Recommended Ed Tech Tool:!

Curious about technology terms you have been hearing around the office, during conferences, or in conversations with co-workers? 

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The simple art of reading use to entail holding a hard-copy of a magazine or book. Today it may also mean downloading an electronic file readable on multiple devices (Ipad, Iphone, Laptop, eReader…) which are offered by various companies (Barnes & Noble, Sony, Amazon…) in numerous models (Kindle, Nook, Pandigital, Kobo…).

Today the technology industry is moving at a phenomenal pace. The options for how we collect, absorb, store, and share information has exponentially increased both personally and professionally. Along with this paradigm shift, there is a myriad of terms used to describe these new ventures such as hashtags, avatars, routers, cloud computing, and so much more!

  • In an effort to fill your tool box, the CMLE “Recommended Ed Tech Tool” is a site called Tech Terms. It is a virtual clearinghouse of technology terms and meanings; searchable alphabetically or by category (internet, hardware, software, acronyms, etc.) providing simple, easy to read explanations.

ALA Midwinter Conference Recap: CMLE Scholarship Recipient!

The following post was submitted by CMLE scholarship recipient Jake Grussing, Regional Coordinator-Collection Development, Great River Regional Library 

The unquestionable highlight of my ALA Midwinter experience was meeting with Pat Losinski, Chief Executive Officer of Columbus Metropolitan Library (CML). I am grateful to have had the opportunity to initiate an informal mentoring relationship with him. The most striking conversation we had was about how libraries measure success. Pat suggested that if libraries continue to hold up traditional metrics (circulation, holds filled, etc.) as the standards by which they hope to be measured, their hands will be forced to keep those numbers up. More revealing indicators might include kindergarten readiness, 3rd grade reading, ELL/ESL progress, high school graduation, post-secondary enrollment, and unemployment rates. A library cannot measure those outputs without help from other organizations, nor can a library claim to be solely responsible for improvements in those areas; a library is one among many organizations doing meaningful work in the community.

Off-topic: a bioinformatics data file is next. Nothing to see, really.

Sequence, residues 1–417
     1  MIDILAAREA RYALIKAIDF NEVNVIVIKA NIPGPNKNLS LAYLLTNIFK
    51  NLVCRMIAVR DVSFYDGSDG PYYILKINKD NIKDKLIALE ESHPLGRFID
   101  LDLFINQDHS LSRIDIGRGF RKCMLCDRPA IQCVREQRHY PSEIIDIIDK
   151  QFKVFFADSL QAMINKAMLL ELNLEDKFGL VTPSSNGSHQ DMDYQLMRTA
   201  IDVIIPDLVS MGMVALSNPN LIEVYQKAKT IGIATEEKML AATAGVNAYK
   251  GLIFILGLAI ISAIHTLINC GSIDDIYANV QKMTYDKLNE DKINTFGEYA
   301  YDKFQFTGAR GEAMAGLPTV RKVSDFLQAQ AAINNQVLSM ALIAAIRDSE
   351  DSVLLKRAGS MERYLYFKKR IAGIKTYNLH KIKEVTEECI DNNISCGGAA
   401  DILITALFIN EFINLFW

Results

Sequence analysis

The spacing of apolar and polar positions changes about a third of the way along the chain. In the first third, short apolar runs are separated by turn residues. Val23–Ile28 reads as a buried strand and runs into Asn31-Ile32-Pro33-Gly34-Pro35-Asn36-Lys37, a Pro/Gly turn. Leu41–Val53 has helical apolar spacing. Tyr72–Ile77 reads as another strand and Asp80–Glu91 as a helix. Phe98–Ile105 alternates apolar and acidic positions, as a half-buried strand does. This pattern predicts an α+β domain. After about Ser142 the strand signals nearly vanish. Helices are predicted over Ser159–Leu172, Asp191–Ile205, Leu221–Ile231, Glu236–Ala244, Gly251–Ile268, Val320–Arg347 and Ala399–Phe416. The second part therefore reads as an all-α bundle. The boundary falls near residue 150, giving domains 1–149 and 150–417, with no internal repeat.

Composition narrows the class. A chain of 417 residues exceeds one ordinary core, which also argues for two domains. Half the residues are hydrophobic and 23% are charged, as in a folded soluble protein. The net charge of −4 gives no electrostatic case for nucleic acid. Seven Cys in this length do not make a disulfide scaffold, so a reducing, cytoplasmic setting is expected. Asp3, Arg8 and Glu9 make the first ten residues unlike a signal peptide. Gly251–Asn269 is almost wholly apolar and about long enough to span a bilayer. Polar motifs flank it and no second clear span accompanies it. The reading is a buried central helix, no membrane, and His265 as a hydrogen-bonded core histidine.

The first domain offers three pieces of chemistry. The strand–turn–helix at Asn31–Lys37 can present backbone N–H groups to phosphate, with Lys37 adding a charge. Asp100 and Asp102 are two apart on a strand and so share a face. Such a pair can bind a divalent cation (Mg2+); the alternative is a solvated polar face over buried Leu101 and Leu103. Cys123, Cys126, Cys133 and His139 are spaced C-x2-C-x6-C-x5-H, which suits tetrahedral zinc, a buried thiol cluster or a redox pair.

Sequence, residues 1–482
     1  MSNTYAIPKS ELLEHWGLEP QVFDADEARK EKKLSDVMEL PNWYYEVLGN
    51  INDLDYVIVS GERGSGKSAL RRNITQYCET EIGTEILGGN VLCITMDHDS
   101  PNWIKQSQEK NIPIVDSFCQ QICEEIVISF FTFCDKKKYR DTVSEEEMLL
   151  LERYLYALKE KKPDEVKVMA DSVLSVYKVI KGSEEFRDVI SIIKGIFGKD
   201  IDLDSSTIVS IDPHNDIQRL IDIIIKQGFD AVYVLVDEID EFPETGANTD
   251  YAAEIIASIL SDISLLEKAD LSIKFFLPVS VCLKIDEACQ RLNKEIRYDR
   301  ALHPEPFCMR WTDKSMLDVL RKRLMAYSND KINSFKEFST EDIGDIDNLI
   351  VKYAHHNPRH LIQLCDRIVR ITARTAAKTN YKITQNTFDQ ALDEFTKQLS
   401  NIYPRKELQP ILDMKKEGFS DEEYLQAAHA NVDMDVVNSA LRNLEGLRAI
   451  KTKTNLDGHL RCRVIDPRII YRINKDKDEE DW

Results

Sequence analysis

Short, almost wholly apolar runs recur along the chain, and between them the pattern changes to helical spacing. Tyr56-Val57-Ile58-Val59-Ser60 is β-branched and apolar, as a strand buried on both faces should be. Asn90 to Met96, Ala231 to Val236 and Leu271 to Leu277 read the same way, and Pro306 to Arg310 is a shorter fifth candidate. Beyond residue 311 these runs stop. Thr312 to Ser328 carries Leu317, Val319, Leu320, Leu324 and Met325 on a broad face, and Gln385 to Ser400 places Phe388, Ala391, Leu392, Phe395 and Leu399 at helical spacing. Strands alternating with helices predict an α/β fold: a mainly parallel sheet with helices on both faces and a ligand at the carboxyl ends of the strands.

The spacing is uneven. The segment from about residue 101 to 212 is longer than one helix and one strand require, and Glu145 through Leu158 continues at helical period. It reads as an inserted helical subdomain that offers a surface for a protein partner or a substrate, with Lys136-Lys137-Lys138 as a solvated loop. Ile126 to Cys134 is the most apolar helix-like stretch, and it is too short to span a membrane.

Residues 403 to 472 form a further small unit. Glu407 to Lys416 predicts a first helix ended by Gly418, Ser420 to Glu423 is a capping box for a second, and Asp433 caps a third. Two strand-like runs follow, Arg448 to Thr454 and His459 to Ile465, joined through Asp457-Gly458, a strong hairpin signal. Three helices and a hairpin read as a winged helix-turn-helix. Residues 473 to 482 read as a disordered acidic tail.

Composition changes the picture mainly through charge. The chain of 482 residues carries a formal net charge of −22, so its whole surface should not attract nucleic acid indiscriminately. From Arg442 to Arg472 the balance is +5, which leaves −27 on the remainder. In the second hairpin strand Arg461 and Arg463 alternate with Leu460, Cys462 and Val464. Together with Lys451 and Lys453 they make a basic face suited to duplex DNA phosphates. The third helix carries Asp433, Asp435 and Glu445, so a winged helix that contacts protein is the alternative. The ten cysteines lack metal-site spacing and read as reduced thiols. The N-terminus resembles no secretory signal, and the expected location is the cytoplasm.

If not the focus of every session I attended, community engagement was at least mentioned in every one. In a session on the future of ebooks in libraries, Jamie LaRue urged libraries to deepen the connections with their communities by becoming the gatherers, curators, and distributors of local content; in a session on library technology an audience member asked if libraries could be platforms for networks around community objectives; and over coffee a colleague said it’s not about the stuff we maintain but the improvements we facilitate. Those ideas get at an unstated theme of ALA Midwinter 2013, one that will inform my work over the coming year: libraries should measure their success not by traditional stats but by the success of their communities.

Open Source Learning Defined!

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Recently, our friends at MindShift did a great piece on  “open source learning” — a variation on inquiry learning or passion-based learning –  it is about helping students choose their own learning path, an approach that already has some well-known champions among educators.

Read this post about an English teacher who teaches Advanced Placement English and Composition courses, uses blogging, videoconferencing, and collaborative working groups as part of his instruction. blog (2/14)

2013 Reading List for Best Fiction by Genre!

The Ritual

According to the American Library Association (ALA), the Reference and Users Services Association (RUSA) has announced the selections for its 2013 Reading List. Annually, RUSA recognizes the best books in eight genres: adrenaline (including suspense, thrillers, and adventure), fantasy, historical fiction, horror, mystery, romance, science fiction, and women’s fiction.

This year’s list includes novels that will appease even die-hard fans, as well as introduce new readers to the delights of genre fiction!

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